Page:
The first reading is helpful. For here, in addition to providing the people with food, the Lord of hosts promises to do something more. We’re told that the Lord will wipe away the tears from every cheek… Isn’t this such an intimate and deeply personal action on the part of God? That the Lord should place a hand on my cheek, and wipe away my tears. And perhaps I might even imagine God wrapping God's arms around me. Supporting me in the warmth of God's embrace. Isn’t this what we prayed for in our Collect just now? May your grace… at all times go before us and follow after us and make us always determined to carry out good works… In other words, may we always be surrounded, enfolded, embraced by your loving presence, O God. May you wrap yourself around us like an exoskeleton. Giving us the strength we need to help others.

And where do we find the answer to this prayer if not in Jesus? Isn’t this what it means to attend the banquet? First of all, to come to Jesus. Especially when I may be undergoing one difficulty or another. When I may be weak and struggling and weeping. To come to the Lord in my pain and confusion, and to give him the opportunity to tenderly wipe away the tears from my cheeks. To wrap his gentle arms around me in a loving embrace. To become my exoskeleton. Giving me the strength I need to bear the burdens of life.

And isn’t this where the chief priests and elders of the people fail? As much as they may faithfully fulfil all their religious obligations, they refuse to allow themselves to be vulnerable. To acknowledge their weakness. To come to Jesus. And could this also be where the guest without a wedding garment falls short? Even if he may show up at the banquet, he treats it like an impersonal buffet. He refuses to allow his tears to be wiped away. Or to enter the  intimacy of the Lord’s embrace.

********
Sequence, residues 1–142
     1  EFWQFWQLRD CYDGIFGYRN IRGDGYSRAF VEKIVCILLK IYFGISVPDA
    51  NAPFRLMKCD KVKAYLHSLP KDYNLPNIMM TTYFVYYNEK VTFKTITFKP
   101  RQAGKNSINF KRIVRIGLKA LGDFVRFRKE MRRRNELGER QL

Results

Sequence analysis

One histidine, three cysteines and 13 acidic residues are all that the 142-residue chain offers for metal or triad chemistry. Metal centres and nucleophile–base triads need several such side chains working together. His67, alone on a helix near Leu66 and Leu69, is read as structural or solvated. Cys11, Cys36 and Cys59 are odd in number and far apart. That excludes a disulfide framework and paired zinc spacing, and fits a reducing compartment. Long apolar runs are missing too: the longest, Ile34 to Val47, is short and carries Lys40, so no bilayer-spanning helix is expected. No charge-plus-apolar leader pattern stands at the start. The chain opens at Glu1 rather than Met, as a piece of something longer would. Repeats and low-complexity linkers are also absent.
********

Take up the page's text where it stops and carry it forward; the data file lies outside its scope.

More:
All of which might lead us to to reflect on our own experience of prayer and the Sacraments. When we pray, when we come to Mass, when we go to Confession, to what extent do we allow ourselves to be vulnerable? To acknowledge our weakness? To let the Lord wipe away our tears from our cheeks? Enfold us in God's embrace? Strengthen us to to face the challenges of life? And what is the measure of all this, if not our ability to remain hopeful and even joyful in the midst of trial, and also to continue to reach out to care for those most in need of our help?

My dear friends, very soon the officers of our Civil Defence Force will have exoskeletons to wrap around their bodies, giving them strength for the important job of rescuing those in harm’s way. What must we do to continually wrap ourselves in the warmth of the Lord’s embrace, so that we too might help rescue others in need today?

Sunday, October 08, 2017

Bridge of Trust


27th Sunday in Ordinary Time (A)

Picture: cc Ian Sane

My dear friends, do you know what we call a situation where someone hands me some money for safekeeping, or for some other purpose, but I keep the money for myself instead? I put it into my own personal bank account, for example. Or keep it for my own use. We call this a breach of trust. Treating property, entrusted to me by someone else, as though it were my own. Failing to use it for the purpose for which it was given to me. 

And what do we usually do when a situation like that is discovered? How do we repair the damage? As you know some people may sue to recover what’s lost. And, if a crime has been committed, the culprit may also be charged in court. And sent to jail, or made to pay a fine, or both. These are some of the ways that the law offers to repair the damage caused by a breach of trust. But what if the trust that is breached is a spiritual one? How does one repair a spiritual breach of trust? This, I believe, is the question that our Mass readings help us to ponder today.